Christofis Koroneos

Nisyros island is actually a volcano and its rocks are similar to those of southwestern Kos.

According to legend, Poseidon, aiding Zeus in the battle against the titans, broke off a piece of the nearby island of Kos and threw it at the fleeing giant Polybotis. The landmass became known as Nisorys and the volcanic activity is the wriggling and breathing of the giant trapped under it. In terms of science, however, we can safely assume that it took hundreds of thousands of years of underwater volcanic activity, for the first peek of the island to emerge from underneath the Aegean sea. 

The first pre-Hellenic people to inhabit Nisyros were the Pelasgians. Their successor was Pelasgos, son of Zeus and Niobius. After the Pelasgians, the Kares were conquered and inhabited (Caria was a transport hub between Ionia, Lydia, Lycia and Phrygia) and the Leleges. Eventually, the Carians prevailed and, as excellent sailors and farmers, brought marine art and agriculture to Nisyros.

From 3000 BC to 1500 BC the Cretans live in Nisyros, shaping it according to their own of Cretan culture. The Phoenicians (1500 - 800 BC) were the first competitors and eventual successors of the Cretans. The Phoenicians were not a conquering people and took advantage of timely areas to move their ships and conduct their trade. They did not have their own culture, but they learned the writing and the arts from the Hittites and Egyptians and adapted it to the needs of commerce and shipping. In Nisyros, they established purple shelters for the purpose of shelling for a specific type of shells that produce a higher quality of purple, that is, a deep red paint colour. This is why Nisyros was also called Porphyry. Kos silk fabrics, light, transparent and elegant, were sought after because they were dyed with the purple of Nisyros. The result of years of Phoenician influence was the transformation of Nisyros into a permanent commercial and naval center, which eventually amassed great wealth, relative to its size, and boasts great amounts of naval power.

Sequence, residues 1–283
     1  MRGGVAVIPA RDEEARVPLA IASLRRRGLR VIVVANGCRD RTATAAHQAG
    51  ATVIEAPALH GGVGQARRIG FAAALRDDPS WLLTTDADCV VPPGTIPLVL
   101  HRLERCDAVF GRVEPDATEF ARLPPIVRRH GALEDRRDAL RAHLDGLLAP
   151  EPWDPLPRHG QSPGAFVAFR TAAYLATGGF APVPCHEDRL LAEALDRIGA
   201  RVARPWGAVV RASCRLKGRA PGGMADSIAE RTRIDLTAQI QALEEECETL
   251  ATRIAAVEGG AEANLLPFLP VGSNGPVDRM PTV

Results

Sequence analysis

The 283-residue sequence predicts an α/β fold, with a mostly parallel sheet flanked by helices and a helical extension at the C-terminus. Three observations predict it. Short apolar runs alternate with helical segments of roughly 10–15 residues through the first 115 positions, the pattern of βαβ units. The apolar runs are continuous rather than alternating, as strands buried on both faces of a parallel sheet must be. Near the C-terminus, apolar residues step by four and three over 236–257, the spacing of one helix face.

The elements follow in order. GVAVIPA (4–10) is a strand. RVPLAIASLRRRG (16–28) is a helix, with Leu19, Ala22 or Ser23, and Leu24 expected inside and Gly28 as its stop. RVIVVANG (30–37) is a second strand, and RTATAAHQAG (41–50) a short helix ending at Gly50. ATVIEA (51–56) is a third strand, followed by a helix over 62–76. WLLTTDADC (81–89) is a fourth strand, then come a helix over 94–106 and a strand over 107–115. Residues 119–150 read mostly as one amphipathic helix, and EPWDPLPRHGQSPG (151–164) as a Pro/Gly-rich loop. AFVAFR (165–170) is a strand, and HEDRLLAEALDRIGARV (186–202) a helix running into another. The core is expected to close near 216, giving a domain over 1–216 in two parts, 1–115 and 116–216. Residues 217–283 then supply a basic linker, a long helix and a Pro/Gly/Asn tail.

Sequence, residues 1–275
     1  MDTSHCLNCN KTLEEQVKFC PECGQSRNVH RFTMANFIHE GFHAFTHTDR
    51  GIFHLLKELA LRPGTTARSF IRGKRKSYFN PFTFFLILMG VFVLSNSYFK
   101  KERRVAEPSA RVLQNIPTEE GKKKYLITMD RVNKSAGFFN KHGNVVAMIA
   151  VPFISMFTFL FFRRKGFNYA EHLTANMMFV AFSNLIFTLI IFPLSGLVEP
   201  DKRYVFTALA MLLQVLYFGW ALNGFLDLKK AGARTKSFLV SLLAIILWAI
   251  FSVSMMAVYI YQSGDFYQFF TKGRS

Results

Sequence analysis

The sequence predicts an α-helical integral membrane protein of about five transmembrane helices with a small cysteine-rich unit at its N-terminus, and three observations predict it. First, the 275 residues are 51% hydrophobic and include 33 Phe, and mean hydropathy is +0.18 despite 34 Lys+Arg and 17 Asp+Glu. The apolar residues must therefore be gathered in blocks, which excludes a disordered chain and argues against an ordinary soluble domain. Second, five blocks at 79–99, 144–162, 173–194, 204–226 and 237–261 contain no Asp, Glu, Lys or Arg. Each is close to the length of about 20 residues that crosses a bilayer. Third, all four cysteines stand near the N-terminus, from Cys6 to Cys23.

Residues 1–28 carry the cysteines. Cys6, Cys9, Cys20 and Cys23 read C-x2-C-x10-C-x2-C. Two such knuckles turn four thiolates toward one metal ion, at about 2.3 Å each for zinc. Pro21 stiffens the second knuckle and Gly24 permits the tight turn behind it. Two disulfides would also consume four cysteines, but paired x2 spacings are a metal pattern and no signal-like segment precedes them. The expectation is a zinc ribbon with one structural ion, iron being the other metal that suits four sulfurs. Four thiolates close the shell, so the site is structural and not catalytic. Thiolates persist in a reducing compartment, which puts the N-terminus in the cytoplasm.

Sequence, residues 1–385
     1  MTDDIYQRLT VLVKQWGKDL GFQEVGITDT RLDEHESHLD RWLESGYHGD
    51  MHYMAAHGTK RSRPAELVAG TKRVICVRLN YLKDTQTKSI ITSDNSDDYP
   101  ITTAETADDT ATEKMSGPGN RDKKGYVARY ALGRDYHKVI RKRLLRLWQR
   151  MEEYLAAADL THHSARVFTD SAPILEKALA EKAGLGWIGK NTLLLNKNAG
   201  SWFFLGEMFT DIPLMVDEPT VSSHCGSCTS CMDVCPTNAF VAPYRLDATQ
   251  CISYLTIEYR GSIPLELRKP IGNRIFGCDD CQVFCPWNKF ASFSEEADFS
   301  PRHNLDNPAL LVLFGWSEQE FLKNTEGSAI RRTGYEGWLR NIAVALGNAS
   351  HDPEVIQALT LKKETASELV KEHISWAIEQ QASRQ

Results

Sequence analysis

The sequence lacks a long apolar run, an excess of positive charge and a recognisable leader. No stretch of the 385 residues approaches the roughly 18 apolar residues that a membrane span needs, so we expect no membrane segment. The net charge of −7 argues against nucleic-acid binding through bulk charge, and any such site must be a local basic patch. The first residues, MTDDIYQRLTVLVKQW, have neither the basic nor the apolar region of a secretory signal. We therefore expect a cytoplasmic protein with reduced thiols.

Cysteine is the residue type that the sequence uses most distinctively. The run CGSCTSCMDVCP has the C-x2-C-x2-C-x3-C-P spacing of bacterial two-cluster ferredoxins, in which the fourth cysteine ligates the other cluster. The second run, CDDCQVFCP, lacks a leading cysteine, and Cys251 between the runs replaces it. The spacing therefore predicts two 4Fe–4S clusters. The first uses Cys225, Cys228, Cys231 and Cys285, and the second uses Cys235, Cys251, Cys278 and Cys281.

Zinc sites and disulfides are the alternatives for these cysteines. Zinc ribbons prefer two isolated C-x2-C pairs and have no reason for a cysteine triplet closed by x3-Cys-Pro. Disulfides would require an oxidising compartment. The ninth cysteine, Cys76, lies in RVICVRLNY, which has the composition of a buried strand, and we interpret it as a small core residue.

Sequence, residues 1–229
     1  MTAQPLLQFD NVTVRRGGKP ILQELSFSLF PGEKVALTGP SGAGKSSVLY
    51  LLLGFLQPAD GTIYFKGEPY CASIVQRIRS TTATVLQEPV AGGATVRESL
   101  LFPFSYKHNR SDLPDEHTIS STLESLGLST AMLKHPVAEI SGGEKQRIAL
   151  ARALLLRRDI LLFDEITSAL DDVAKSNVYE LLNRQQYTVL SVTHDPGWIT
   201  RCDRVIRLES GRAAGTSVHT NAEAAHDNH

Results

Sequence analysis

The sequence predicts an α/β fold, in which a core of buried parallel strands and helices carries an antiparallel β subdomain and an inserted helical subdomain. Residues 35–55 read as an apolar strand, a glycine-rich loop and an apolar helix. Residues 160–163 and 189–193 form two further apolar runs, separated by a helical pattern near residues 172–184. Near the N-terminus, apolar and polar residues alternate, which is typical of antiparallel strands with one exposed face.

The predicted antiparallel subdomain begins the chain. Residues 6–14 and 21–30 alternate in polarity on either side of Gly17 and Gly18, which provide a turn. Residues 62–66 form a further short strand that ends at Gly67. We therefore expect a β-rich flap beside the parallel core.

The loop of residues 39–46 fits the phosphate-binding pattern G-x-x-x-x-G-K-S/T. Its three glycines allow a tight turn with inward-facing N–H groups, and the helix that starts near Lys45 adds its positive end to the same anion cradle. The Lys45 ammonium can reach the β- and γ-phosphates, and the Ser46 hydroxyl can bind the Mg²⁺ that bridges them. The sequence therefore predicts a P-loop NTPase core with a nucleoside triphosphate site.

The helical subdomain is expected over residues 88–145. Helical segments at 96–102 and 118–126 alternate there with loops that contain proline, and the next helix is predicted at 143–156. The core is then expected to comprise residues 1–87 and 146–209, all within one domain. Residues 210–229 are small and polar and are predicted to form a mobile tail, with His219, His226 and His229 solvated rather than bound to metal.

Nisyros is a Greek Island in the southern Aegean Sea. It has a population of 1000 inhabitants with more than 4000 Nisyrians living in Athens, New York, Canada, Australia and Rhodes. Mandraki is the capital of the island.

Nisyros has two mines in the Island of Yali producing pumice and perlite providing many of the jobs for the islanders. Tourism is the one major industry on which the economy of Nisyros is based.


Monastery of Panagia Spiliani

The Monastery of Panagia Spiliani (Virgin Mary of the Cave) was built in the XIV century. The monastery is built on the highest point of the Nisyros island and is surrounded by medieval castle walls, although most of it lies inside a cave. It rises up on a 30-meter high rock at the far end of Mandraki, above all the buildings. It is accessible by climbing 270 steps.


Nisyros Volcano

An active volcano which a visitor can enter and walk around its crater can be found in Nisyros. Located at the heart of the island, the impressive caldera has a diameter of between 3-4 kilometres. Formed during the island’s explosive beginnings, there are magnificent views over this vast depression from the villages of Nikia and Emborio.

Within the caldera, there are a number of craters caused by hydrothermal eruptions, the largest of which have names such as Polyvotis, Alexandros, and Stefanos. One of the more recent craters, Stefanos is the most imposing and the most famous.

Stefanos is between 4,000 and 5,000 years old. Its diameter stretches between 260 and 330 metres, and it has a depth of around 27 metres. For visitors to Nisyros, Stefanos is often referred to simply as “the volcano”, as it offers visitors a once-in-a-lifetime opportunity to walk within a potentially active volcano.